A big bucket full of hermit crabs is turned upside down on stage.  A finish line is drawn around  the bucket several feet out and... “Get ready, Get set... Go!” The bucket is removed and wow, the largest one (size of a coconut) fell out of his shell... but he kept going and... won the race!  I looked for the winner but he had escaped under the stage... I think he was looking for a bigger shell!

August 7...
 
    We rented horses and rode to Wigmore’s waterfalls.  Our guide was a very round, happy Rarotongan lady and... her two dogs.  She led us through the jungle to a neat waterfall and at the bottom was a clear pool with fish!  While the horses drank we swam... the dogs too.  It felt good--it was hot and the mosquitoes were attacking.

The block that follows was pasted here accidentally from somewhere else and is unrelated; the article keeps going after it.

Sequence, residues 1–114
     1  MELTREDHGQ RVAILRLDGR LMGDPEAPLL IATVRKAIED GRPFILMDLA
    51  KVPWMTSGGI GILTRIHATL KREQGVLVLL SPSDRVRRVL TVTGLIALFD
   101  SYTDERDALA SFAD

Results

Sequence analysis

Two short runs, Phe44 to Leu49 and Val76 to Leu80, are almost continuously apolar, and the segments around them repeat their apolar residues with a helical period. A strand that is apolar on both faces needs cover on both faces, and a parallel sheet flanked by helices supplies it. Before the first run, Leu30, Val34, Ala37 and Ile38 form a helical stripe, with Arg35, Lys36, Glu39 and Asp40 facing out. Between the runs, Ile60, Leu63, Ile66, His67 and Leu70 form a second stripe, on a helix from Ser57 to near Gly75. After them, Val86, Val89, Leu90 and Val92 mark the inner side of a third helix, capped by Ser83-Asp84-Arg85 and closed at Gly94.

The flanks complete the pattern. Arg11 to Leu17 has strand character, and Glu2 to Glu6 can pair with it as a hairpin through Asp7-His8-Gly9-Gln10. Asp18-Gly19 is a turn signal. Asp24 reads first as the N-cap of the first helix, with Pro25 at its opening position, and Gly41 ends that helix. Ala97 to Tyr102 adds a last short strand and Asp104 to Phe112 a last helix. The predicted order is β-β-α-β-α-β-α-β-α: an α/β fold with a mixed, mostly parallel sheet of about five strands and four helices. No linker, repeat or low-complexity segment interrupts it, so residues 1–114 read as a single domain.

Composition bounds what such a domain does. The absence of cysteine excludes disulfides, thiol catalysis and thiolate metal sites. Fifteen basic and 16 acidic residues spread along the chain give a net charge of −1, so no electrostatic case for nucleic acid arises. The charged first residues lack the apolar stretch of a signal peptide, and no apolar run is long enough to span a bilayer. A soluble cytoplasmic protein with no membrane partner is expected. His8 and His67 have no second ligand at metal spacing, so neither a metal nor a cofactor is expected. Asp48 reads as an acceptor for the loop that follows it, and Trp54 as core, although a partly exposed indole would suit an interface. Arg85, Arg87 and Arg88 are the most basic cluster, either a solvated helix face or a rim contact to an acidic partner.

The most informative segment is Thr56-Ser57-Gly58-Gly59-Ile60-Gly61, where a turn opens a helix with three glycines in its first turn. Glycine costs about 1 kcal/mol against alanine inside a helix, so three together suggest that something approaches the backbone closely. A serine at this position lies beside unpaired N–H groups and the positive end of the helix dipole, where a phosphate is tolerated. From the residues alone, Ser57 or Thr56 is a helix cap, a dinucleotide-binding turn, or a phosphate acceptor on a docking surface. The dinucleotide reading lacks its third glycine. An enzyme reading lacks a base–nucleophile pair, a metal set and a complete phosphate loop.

Our guide took us by a hotel--it’s half finished.  The people of the island don’t want this huge hotel to go in... First, it sunk into the ground because of the location and heavy concrete base, then the next owner embezzled all the money and now no one wants to invest. “There is a Tangaroa,”  Mom said smiling at the guide.  That’s the Rarotongan God!  
    Mata works at the hotel as a waiter--he’s fun and a good artist too!  You know what?   He can climb a coconut tree, grab a coco-nut and shimmy down in one min-ute?  Cool!  He taught me how to tie a cloth around my feet and jump up the tree.  I did it... but not in a minute or even two!  He then used his teeth to shuck the coconut and with one hit of the machete knife--it was ready to drink--yum!
           The Rarotongans are known to be the best dancers in the whole South Pacific.  Between their costumes and neat moves I can see why. I especially liked watching the men--they dance wild and fast.